Never stops running, up and down the pitch. His attacking contributions naturally restricted in this match.
5 Kocian 6.9
Like a wall in the defence, and always reliable. But his distribution let him down a few times.
6 Čabala 6.5
Workmanlike, but quite sloppy in his passing.
(15 Němeček
Assured performance when coming on)
7 Bílek 6.9
The hero with his two goals. Otherwise little use of his right peg in the match scenario.
8 Chovanec 6.6
Not his ideal match scenario. A bit slow and lacks tenacity in the defensive work.
9 Griga –
Sent off in the 18th minute, not much involved before that.
10 Skuhravý 7.1
Difficult match, but makes the most of it. Good work rate.
11 Moravčík 6.8
Much improved. Some good runs with the ball at feet, fulfills his defensive responsibilities.
(12 Kinier
Barely enters the pitch before full time is whistled)

1 Silvino 6.6
Not much to do really.
2 João Pinto 7.1
Initiates many attacks from his right back position, some good crosses.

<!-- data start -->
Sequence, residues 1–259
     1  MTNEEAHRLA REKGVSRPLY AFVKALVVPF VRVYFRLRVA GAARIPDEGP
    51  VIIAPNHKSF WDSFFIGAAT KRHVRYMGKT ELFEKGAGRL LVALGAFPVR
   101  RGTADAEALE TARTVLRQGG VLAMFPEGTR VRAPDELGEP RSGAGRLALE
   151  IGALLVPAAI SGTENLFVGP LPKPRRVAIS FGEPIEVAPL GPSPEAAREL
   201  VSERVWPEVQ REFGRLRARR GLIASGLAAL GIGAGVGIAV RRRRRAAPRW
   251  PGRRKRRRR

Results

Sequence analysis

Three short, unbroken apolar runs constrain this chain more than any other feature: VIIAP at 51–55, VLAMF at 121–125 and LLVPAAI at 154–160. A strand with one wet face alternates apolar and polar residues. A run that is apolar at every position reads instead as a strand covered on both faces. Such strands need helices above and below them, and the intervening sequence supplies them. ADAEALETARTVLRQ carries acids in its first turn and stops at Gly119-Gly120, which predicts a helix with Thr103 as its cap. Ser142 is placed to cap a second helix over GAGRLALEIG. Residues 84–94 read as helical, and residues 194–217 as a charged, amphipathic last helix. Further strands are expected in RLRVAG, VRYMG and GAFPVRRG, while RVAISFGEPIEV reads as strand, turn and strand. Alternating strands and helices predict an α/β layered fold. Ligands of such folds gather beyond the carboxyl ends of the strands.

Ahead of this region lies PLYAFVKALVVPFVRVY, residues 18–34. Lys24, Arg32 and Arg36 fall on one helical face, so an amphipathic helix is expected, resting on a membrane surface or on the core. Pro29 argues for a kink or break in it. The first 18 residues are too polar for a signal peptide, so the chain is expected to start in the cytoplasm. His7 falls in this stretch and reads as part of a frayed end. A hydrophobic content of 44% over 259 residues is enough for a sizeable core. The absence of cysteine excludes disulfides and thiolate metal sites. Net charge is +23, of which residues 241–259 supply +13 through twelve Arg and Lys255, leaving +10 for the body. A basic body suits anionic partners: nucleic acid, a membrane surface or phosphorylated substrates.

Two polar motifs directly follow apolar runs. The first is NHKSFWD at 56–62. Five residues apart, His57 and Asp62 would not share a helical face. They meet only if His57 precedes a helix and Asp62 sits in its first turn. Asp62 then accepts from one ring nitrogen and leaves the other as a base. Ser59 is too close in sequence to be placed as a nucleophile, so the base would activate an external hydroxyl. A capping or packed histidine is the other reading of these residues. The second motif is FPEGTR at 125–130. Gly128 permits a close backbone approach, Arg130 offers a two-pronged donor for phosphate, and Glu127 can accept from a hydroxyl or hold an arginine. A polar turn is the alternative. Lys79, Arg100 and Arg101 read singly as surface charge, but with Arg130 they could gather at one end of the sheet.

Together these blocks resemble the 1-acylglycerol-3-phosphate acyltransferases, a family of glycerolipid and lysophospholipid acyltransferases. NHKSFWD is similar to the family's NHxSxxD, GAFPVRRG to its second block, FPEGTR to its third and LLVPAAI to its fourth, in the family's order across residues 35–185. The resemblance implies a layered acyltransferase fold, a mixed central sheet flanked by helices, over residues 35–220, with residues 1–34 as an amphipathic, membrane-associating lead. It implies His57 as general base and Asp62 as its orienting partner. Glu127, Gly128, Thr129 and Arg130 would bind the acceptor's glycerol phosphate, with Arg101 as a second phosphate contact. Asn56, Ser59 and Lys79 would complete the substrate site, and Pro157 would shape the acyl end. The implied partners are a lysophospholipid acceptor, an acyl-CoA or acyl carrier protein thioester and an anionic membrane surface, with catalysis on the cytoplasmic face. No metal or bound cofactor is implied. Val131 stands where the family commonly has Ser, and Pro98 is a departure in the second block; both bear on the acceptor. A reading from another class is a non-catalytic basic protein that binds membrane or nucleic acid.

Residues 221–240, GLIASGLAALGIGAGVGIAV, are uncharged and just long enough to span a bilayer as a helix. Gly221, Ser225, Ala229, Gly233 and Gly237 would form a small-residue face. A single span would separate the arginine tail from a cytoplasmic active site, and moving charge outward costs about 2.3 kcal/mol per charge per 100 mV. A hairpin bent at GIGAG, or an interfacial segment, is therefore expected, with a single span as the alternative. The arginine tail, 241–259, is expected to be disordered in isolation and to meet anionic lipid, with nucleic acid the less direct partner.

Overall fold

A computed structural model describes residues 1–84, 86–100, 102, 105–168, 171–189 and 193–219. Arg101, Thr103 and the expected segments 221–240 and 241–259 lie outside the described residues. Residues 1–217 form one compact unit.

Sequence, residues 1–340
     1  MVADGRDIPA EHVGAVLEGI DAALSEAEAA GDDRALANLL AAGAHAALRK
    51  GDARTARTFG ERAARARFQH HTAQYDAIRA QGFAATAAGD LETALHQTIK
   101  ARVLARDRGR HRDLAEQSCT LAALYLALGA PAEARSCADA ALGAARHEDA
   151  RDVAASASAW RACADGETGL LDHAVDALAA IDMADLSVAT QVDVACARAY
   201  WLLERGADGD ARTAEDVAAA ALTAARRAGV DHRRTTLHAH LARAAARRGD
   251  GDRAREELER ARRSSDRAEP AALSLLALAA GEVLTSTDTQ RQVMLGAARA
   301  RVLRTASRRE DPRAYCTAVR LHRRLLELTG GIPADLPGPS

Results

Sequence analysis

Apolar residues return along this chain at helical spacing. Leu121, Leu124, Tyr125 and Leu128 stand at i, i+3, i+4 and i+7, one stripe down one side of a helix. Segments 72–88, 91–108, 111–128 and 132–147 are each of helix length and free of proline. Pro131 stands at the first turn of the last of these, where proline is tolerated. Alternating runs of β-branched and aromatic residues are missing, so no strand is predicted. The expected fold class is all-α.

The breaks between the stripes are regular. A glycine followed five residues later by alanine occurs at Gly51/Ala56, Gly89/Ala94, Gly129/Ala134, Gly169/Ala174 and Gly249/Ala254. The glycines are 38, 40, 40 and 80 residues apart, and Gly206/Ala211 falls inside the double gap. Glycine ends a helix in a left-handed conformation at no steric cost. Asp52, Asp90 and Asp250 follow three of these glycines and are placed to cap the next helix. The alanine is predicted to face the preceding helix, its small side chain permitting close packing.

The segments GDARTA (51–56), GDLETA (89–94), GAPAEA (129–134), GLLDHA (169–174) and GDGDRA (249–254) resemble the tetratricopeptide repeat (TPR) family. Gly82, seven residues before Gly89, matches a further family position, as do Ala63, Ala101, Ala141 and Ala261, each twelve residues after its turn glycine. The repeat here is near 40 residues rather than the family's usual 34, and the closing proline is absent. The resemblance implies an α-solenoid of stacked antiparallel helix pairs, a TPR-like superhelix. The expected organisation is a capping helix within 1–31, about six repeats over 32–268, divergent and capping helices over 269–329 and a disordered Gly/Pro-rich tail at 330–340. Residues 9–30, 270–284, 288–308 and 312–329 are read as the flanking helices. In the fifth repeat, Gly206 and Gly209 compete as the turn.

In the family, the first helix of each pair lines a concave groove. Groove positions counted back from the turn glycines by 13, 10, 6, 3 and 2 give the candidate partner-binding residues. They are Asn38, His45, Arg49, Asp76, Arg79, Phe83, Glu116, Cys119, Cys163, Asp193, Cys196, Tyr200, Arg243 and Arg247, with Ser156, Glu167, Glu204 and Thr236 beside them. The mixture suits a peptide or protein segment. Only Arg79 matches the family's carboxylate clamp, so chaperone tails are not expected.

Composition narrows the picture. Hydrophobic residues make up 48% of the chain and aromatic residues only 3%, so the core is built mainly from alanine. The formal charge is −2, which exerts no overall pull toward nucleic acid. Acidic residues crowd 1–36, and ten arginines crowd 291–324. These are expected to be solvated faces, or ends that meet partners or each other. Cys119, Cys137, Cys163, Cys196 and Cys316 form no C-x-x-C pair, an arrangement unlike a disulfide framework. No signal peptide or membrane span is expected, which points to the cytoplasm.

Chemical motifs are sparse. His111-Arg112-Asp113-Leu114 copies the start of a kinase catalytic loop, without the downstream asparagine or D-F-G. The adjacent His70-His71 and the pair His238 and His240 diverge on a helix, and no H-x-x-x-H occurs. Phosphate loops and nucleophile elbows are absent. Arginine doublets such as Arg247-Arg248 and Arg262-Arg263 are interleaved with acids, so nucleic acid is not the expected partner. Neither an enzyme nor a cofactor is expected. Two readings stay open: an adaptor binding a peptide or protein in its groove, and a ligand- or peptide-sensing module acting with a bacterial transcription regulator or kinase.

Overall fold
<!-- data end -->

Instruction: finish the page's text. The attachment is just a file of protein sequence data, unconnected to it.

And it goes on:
3 Frederico 6.8
Asserts himself in the headers. Causes the penalty.
4 Venâncio 7.1
Good performance at the back, also decent distribution of the ball.
5 Veloso 6.9
Reliable. Eager at shuttling forward, but few alternatives in front of him.
6 Nunes 6.5
Commits himself in the duels. Quite poor passing.
7 Sobrinho –
Taken off when deemed surplus.
(15 V. Paneira 6.5
Bit disappointing – again. Rarely threatens the opponents’ defence.)
8 Rui Barros 6.7
Unfortunately lost in a very congested area. Gets two glorious opportunities to score.
9 Rui Águas 7.0
Shows himself worthy of a place in the team. Imposes himself against tough defenders.
10 Paulo Futre 7.2
Mazy runs with the ball at feet that noone can follow. Struggles a bit against a deep defensive line.
11 André 6.9
Gritty as always, driving Portugal forward.